The high quest for lightweight, strength, and toughness is driving the research towards the design of de novo high-performance materials. In structural applications composites generally represent the best option, offering an optimal stiffness-strength balance, combined with a low weight. Yet, their reduced toughness often represents a limitation for structural components. By solving the eternal strength-toughness dichotomy and providing a remarkable amplification of mechanical properties, natural hierarchical materials, such as bone, nacre, wood, may represent an optimal biomimetic model and continue to be a great source of inspiration for new materials design. Today blending computation and additive manufacturing allows researcher to further expand the design space, bringing it to a new level. Here we show different case studies of bio-inspired design, highlighting the effect of a specific hierarchical sub-structure on the local and global properties of the overall structure and the role of the characteristic structural features to trigger specific mechanisms.
Flavia Libonati is Associate Professor at the University of Genoa, Italy and Research Affiliate at the Italian Institute of Technology (IIT) and the Massachusetts Institute of Technology (MIT). Before she was Assistant Professor at Polytechnic University of Milan, where she also received a Ph.D. in Mechanical Engineering. Her primary research interests lie in the field of biological composites and biomimetic materials, with a special focus on the design and manufacturing of bio-inspired multifunctional materials for advanced engineering applications, through a multiscale numerical and experimental approach. She is the recipient of several awards and fellowships and a member of renowned scientific societies.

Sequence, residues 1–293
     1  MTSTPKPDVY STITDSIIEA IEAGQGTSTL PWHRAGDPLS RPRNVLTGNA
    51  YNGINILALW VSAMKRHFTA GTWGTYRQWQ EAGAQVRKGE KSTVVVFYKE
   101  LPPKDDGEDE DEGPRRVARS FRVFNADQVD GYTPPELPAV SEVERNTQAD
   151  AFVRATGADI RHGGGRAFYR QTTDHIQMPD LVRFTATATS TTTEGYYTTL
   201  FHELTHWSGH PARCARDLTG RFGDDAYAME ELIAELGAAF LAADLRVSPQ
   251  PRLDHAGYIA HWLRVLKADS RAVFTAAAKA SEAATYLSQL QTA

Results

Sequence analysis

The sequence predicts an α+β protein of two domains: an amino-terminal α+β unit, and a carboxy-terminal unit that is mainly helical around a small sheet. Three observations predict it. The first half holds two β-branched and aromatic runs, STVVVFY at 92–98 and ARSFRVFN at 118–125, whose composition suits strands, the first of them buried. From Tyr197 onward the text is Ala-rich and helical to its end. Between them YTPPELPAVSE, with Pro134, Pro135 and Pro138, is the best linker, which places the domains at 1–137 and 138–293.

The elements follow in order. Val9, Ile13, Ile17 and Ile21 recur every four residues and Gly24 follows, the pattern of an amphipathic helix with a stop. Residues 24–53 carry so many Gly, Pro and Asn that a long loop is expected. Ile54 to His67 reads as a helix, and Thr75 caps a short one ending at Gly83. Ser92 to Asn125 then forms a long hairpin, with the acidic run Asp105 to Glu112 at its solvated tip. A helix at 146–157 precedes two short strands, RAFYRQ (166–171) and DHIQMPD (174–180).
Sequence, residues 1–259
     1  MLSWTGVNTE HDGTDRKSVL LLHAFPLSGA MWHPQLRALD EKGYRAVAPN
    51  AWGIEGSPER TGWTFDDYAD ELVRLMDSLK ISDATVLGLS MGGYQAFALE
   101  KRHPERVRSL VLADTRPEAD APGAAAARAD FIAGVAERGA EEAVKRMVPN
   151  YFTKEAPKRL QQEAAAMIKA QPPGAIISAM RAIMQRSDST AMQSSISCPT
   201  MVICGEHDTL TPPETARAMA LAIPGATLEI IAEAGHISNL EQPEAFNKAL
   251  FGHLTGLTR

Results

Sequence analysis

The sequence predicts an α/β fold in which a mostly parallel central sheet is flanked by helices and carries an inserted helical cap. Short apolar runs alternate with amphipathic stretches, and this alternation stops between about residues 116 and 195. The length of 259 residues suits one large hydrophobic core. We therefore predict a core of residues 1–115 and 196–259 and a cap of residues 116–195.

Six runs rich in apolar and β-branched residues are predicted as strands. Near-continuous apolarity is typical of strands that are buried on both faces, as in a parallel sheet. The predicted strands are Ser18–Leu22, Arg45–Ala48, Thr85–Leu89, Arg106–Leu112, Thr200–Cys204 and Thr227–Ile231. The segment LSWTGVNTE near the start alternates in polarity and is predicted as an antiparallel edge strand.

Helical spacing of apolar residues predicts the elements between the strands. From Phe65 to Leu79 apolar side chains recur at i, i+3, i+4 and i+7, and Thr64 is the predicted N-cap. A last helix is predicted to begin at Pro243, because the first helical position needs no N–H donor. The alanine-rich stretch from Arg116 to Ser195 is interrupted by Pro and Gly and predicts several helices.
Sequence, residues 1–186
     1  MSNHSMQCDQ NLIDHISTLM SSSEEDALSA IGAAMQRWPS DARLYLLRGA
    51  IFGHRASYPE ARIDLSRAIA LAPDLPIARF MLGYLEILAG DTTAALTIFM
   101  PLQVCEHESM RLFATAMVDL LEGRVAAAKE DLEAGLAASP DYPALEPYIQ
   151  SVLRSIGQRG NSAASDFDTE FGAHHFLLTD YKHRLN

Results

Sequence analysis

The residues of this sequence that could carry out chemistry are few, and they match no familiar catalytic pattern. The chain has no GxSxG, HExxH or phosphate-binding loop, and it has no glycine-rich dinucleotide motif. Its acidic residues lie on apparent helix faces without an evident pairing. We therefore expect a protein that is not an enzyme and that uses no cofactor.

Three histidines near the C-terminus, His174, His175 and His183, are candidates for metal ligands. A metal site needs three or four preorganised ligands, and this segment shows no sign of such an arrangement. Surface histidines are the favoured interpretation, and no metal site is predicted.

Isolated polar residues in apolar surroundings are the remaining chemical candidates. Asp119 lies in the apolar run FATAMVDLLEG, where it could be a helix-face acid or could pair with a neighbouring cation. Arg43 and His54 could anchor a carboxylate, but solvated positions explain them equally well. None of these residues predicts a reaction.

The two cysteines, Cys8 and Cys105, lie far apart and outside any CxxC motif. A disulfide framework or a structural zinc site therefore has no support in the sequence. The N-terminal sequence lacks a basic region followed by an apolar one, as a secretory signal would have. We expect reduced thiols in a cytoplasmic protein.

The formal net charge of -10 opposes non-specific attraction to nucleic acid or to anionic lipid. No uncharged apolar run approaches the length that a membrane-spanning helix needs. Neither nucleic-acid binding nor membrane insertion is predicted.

Igor Yadroitsev (South Africa): Medical product development through additive manufacturing
Medical product development through additive manufacturing
Prof. Igor Yadroitsev, Central University of Technology, South Africa
Additive manufacturing (AM) today is a widely used and mature technology related to industry and the production of end-use components. This is a revolutionary manufacturing technology, opening great opportunities for new designs and for the production of previously impossible complexand functional products. These parts can have unique properties, outperforming other manufacturing methods and are often suitable for the most critical applications. After years of research and development of this manufacturing technique, we are now at the brink of a new era in additive manufacturing, which will include wider adoption and use of this technology, new applications, and disruptive innovations.